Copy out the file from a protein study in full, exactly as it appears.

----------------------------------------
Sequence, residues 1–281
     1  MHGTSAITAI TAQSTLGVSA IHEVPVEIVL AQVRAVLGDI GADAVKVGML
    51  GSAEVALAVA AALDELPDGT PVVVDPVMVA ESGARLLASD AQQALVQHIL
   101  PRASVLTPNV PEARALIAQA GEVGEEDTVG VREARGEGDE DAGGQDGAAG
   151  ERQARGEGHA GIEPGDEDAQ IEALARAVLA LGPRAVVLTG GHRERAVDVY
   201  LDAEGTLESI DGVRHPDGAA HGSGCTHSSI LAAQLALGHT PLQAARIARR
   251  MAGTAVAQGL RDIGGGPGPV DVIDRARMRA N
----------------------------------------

Sequence, residues 1–281
     1  MHGTSAITAI TAQSTLGVSA IHEVPVEIVL AQVRAVLGDI GADAVKVGML
    51  GSAEVALAVA AALDELPDGT PVVVDPVMVA ESGARLLASD AQQALVQHIL
   101  PRASVLTPNV PEARALIAQA GEVGEEDTVG VREARGEGDE DAGGQDGAAG
   151  ERQARGEGHA GIEPGDEDAQ IEALARAVLA LGPRAVVLTG GHRERAVDVY
   201  LDAEGTLESI DGVRHPDGAA HGSGCTHSSI LAAQLALGHT PLQAARIARR
   251  MAGTAVAQGL RDIGGGPGPV DVIDRARMRA N